The Africa and Nigerian Centers for Disease Control and Prevention have launched a investigation into a new variant of the coronavirus that reportedly emerged in Nigeria. The head of Nigeria’s CDC said it is studying the new strain, which is different from new strains discovered in Britain and South Africa.
The variant strain was discovered in two patient samples collected on August 3 and October 9 in Nigeria’s Osun State.
The Nigeria CDC said it is studying the new strain. Director General Chikwe Ihekweazu said at a national COVID-19 briefing that it may be too early to determine if the new strain is deadlier or weaker than its parent virus.
“What we’re now going to do is collect a selection of other viruses circulating in Nigeria now, so from the more recent cases and try and compare what we have now with what we have previously in Nigeria but also what is circulating abroad,” Ihekweazu said. “This is ongoing work.”
Mutant strains of the coronavirus have appeared in Britain and South Africa in recent weeks but African health officials said the Nigerian variant is different from both.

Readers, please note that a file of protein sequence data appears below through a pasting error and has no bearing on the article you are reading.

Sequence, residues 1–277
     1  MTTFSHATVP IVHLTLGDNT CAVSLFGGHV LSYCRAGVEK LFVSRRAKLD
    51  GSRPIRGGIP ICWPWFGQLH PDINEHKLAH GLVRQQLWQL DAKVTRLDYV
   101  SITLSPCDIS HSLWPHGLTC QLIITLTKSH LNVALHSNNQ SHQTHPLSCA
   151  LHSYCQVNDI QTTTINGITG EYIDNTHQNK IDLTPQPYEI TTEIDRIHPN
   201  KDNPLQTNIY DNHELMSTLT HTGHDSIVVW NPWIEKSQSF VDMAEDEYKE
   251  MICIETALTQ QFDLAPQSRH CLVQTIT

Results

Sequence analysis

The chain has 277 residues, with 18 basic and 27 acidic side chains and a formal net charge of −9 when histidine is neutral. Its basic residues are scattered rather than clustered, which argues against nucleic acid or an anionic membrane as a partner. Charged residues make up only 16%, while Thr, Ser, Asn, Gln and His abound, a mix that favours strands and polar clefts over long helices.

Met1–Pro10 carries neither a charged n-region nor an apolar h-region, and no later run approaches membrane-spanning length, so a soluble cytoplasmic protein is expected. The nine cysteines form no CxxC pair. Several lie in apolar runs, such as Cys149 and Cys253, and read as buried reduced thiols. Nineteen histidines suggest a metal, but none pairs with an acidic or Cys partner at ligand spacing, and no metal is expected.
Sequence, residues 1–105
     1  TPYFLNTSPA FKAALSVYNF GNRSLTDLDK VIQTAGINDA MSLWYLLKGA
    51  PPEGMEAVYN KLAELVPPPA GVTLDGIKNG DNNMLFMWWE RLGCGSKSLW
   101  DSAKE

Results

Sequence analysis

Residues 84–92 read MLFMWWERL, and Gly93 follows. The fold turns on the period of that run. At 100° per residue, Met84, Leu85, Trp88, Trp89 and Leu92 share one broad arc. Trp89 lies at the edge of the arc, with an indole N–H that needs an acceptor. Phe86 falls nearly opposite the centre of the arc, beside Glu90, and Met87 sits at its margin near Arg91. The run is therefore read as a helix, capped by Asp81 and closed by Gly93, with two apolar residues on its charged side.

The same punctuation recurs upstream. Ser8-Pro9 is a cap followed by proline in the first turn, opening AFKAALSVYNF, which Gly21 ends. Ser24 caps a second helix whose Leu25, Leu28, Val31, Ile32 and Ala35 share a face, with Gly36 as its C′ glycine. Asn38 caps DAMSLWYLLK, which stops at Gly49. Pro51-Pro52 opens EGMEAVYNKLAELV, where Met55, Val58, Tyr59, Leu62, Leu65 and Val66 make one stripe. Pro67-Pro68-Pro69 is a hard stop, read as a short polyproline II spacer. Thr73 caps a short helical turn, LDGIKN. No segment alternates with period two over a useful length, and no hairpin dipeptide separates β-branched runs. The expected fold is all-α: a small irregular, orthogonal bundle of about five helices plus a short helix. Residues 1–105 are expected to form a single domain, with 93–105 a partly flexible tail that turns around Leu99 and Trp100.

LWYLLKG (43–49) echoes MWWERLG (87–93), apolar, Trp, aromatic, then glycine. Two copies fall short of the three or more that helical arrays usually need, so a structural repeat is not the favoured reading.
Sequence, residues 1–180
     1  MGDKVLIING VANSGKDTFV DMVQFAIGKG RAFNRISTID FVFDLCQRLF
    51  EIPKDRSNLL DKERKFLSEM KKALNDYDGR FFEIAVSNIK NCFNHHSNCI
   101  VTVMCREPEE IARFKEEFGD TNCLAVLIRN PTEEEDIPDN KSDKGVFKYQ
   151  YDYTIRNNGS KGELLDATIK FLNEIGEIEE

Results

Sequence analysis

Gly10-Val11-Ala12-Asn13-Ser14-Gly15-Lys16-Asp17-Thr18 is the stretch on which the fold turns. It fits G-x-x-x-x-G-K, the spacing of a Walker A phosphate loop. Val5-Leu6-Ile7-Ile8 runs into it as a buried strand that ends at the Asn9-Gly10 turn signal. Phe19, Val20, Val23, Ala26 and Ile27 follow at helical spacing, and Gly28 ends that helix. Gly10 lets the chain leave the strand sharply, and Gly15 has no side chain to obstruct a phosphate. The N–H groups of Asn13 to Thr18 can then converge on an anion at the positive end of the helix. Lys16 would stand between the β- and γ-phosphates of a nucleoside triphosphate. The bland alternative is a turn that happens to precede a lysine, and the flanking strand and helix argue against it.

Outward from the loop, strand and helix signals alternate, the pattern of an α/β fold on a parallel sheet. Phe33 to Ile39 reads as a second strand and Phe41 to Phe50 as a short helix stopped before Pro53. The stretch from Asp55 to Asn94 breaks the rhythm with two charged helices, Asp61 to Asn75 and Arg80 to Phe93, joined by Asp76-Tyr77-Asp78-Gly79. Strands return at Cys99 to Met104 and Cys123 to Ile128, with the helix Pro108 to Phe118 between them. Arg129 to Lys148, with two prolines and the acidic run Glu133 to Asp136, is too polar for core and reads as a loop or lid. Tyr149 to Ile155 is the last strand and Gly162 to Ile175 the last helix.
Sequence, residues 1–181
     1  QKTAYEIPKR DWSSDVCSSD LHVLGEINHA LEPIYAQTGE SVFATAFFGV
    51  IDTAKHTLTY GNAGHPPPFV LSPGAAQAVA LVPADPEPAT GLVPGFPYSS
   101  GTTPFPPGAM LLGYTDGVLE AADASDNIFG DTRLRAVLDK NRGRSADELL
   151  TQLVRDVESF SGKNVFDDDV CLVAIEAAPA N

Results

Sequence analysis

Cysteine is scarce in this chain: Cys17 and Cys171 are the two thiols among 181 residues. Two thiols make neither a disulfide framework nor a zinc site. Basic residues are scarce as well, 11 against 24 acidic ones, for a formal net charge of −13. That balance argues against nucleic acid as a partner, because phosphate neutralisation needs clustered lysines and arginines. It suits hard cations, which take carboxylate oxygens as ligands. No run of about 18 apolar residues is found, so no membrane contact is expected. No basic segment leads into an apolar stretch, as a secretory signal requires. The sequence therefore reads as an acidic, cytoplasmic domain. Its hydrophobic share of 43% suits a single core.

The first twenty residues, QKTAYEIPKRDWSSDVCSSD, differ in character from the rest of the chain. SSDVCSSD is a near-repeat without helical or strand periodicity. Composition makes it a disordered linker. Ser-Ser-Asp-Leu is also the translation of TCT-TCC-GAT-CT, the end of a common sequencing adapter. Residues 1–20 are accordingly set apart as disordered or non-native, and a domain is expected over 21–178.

Nigeria is recording an escalation in coronavirus cases. Infections have increased by 52 per cent from November to December.
Last week, authorities imposed new restrictions on gatherings and warned citizens to avoid traveling during the yuletide season.
Ihekweazu said there is a chance the new strain is responsible for the recent surge in cases.
“We’ll be carrying out over the next few weeks to see whether we can explain some of the increased transmissions happening in Nigeria and to look at whether it is related to the virus,” Ihekweazu said.
Nigeria is among many African countries trying to obtain and distribute coronavirus vaccines by the early part of next year.
The Africa and Nigeria Centers for Disease Control said the new coronavirus strains will not affect vaccine deployment but experts worry that a continuously mutating virus could be difficult to control.
Olobayo Kunle is a pharmaceutical research expert at the Nigerian Institute for Pharmaceutical Research and Development.
“Vaccines are designed based on a number of assumptions,” Kunle said. “They’re built around a known range of characteristics. If these characteristics keep changing, eventually we may get to a point where it falls out of the range for which that vaccine was developed.”
The NCDC and other experts are hopeful the new variant is less infectious and deadly but for now authorities urge citizens to stay vigilant, especially during the holidays.